The right rear compartment is the main storage compartment for the rescue company’s hydraulic rescue equipment. The department has Holmatro equipment in service and feels it’s very reliable and meets its needs. The equipment is stored on three vertical roll out shelves, with all tools sitting in carrying brackets on the sides of the shelves. Each bracket is labeled with big identifying stickers that are easy to read and ensure proper stowing of the tools after use. In addition, if a member unfamiliar with the apparatus or tools is sent to get a tool from the rig, he can easily spot and retrieve it. There is additional storage space on each side of the vertical slide out shelves.
Starting on the left side wall of the compartment, there is a portable step ladder mounted in a bracket and secured with a strap and clip. This ladder has been used at vehicle accidents and has proved to be of value, especially at a call for an auto on its side with people pinned. The ladder offers access to the A-, B- or, C-posts for cutting or even access to the opposite side to attach or hold in place stabilizer jacks against the under carriage of an automobile. On the floor just below the step ladder are two ram support extrication brackets for use with hydraulic rams. The rear side of the rear slide out tray has three diamond plate storage compartments mounted on it. The upper compartment has safety glasses inside it while the bottom has extrication chains, adaptors, and some cutting lubricant in them.
The front side of the rear pull-out shelf has a large and medium spreader and small ram attached to it. On the middle slide-out shelf toward the rear sits a large and a small cutter, a medium ram, and a small cutter that can be used on seat head restraints, car pedals, and rebar. On the opposite side of this shelf toward the front, sit three ram extension devices and one large ram. The front roll-out shelf’s rear side has two homemade stainless steel stabilizer jacks with ratchet safety straps mounted to it. They are very large and have been used on tractor trailer accidents on the busy Route 95. The front side of the front shelf is equipped with four sets of extrication hoses with CORE™ technology fittings. The area toward the right inside wall of the compartment has two high lift jacks secured by a strap and tie down clip attached to the wall. Just below this extrication storage compartment is a universal steel tube mount, which accepts the winch that attaches to the side of the apparatus.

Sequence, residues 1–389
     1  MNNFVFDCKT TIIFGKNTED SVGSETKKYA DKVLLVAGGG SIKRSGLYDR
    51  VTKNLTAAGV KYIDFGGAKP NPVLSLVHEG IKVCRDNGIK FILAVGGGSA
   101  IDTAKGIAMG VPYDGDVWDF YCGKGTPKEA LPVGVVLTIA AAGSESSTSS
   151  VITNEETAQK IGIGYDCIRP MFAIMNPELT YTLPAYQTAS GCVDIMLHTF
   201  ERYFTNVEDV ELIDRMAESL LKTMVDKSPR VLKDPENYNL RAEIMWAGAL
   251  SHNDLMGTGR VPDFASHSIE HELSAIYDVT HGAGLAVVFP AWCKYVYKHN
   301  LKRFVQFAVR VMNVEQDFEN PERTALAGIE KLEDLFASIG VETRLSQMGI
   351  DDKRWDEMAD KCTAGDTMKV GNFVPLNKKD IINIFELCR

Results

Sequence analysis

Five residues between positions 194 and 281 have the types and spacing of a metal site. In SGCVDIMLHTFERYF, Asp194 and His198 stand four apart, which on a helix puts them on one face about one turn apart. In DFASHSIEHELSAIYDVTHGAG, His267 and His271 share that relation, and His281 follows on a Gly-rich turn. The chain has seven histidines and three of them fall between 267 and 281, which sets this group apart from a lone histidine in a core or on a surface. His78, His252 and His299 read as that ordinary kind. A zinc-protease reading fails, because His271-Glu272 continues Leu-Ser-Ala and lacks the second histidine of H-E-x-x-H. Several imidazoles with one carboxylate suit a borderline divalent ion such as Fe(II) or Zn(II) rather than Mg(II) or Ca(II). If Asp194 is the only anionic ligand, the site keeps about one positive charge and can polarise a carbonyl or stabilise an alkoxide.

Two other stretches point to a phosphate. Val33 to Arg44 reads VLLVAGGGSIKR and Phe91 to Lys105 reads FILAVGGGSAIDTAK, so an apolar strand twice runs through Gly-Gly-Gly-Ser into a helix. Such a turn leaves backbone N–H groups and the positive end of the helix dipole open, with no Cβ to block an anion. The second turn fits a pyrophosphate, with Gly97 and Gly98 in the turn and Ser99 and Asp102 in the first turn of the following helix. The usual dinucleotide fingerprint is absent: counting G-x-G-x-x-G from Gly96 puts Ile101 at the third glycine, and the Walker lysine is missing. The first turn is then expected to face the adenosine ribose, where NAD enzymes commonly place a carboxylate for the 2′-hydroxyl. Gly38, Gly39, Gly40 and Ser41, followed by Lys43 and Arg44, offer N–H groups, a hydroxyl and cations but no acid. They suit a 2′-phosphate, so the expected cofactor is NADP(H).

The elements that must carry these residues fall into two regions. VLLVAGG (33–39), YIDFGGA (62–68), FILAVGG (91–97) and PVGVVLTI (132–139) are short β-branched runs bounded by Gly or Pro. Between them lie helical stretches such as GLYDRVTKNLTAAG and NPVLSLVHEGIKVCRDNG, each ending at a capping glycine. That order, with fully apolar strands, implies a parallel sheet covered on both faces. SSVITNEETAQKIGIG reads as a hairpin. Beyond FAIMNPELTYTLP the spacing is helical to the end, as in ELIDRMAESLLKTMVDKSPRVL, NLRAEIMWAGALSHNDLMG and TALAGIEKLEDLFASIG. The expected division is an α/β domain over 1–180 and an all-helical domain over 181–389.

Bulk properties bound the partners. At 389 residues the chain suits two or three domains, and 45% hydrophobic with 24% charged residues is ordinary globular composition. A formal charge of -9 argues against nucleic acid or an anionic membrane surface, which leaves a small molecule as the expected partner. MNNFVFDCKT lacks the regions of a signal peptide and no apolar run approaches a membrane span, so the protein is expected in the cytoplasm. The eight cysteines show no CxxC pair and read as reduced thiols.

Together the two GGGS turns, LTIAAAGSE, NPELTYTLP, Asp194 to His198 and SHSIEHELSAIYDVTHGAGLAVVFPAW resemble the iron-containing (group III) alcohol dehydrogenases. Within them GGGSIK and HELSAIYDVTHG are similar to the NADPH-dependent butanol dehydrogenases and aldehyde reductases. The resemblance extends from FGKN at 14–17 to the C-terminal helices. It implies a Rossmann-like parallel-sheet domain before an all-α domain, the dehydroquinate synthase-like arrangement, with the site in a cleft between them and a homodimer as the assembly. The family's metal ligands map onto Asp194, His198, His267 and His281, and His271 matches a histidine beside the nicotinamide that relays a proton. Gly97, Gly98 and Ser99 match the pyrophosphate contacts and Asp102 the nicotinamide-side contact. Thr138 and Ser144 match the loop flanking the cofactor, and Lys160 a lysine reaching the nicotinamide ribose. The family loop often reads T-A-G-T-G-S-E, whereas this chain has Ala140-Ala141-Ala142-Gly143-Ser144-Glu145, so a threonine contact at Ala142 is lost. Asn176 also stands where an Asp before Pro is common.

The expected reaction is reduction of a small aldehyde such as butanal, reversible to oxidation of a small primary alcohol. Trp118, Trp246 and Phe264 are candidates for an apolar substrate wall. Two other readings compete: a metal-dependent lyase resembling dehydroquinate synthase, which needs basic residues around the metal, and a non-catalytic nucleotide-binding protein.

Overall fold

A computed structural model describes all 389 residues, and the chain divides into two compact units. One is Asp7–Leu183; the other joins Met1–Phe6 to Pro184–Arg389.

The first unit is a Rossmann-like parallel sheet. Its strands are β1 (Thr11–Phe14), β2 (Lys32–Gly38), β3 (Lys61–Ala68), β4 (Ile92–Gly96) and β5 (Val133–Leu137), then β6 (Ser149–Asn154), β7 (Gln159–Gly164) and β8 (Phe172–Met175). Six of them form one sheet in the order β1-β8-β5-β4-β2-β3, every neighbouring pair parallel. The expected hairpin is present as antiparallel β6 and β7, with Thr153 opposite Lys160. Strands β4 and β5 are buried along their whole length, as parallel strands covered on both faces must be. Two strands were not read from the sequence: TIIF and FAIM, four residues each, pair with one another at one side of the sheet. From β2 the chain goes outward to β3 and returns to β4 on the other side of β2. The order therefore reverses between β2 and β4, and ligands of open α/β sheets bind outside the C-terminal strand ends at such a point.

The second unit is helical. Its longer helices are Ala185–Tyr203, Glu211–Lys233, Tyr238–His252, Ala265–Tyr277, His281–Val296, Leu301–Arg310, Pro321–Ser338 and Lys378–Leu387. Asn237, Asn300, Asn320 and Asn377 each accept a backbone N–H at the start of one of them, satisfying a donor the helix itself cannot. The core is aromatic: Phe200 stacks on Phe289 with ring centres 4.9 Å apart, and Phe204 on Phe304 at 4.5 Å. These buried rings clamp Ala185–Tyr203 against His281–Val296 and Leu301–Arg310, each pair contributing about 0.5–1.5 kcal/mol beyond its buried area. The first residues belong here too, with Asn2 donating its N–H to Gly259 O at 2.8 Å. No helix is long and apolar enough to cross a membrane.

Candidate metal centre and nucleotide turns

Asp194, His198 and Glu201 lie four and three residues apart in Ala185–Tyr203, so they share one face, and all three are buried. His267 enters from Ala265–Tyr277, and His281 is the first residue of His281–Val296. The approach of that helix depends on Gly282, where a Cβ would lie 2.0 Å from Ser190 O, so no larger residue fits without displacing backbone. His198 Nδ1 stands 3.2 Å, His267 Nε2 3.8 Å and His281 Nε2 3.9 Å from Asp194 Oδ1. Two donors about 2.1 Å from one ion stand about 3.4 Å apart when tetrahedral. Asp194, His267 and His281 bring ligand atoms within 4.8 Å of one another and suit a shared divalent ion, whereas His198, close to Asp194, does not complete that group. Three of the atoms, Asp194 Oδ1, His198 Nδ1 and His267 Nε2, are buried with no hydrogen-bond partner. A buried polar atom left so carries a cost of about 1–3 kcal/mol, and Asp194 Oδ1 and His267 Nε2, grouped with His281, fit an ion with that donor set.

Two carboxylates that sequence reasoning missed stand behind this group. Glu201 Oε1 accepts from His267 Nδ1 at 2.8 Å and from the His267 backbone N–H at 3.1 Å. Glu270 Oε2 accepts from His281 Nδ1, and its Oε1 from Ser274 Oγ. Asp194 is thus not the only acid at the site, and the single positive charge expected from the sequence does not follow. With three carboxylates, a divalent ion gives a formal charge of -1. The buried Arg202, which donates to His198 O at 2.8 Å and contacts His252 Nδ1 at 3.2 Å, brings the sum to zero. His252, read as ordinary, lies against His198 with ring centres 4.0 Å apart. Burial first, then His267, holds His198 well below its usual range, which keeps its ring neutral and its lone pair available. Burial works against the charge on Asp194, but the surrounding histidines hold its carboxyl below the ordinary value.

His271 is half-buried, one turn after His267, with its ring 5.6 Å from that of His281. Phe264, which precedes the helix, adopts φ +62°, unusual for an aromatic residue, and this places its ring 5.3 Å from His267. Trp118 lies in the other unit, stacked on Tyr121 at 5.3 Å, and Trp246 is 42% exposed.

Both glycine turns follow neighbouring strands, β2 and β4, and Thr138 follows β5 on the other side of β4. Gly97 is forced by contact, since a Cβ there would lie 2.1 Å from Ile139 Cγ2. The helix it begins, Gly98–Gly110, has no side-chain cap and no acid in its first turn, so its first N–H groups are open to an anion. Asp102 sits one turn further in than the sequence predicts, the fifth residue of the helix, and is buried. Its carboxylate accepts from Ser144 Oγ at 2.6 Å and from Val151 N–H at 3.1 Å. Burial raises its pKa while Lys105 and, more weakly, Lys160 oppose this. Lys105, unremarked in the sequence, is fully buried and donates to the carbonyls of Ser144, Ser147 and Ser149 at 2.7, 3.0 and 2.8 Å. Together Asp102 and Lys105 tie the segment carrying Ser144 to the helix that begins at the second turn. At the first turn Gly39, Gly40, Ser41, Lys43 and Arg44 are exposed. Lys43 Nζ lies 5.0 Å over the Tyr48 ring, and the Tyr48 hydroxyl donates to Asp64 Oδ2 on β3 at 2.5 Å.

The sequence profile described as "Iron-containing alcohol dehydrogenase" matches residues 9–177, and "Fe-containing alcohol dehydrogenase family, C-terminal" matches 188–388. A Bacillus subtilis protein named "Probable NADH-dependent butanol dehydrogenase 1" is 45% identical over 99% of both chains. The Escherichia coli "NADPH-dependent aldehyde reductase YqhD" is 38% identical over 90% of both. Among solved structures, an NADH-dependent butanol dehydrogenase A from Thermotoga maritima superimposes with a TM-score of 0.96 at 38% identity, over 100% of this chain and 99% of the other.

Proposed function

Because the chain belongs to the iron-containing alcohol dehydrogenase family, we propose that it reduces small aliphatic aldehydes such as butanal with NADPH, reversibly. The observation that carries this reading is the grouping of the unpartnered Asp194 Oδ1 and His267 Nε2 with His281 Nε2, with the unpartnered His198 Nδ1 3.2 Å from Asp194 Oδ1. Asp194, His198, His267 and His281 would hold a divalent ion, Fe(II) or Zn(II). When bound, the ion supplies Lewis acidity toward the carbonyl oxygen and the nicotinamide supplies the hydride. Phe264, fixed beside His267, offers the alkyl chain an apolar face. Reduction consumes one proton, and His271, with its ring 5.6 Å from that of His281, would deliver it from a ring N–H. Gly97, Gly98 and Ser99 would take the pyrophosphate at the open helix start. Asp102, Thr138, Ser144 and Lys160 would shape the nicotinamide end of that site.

With the addition of Rescue 1, the Colleton County (SC) Fire Rescue Department has improved its inventory of apparatus and rescue tools for use throughout the county.
MIKE CIAMPO is a 30-year veteran of the fire service and a lieutenant in the Fire Department of New York. Previously, he served with the District of Columbia Fire Department. He has a bachelor’s degree in fire science from John Jay College of Criminal Justice, NY. He is the lead instructor of the FDIC Truck Co. Essentials class. He wrote the ladder chapter and co-authored the Ventilation chapter for Fire Engineering’s Handbook for Firefighter I and II and is featured in “Training Minutes” truck company videos on www.fireengineering.com. He is also the author of Fire Engineering’s monthly column “On Fire.”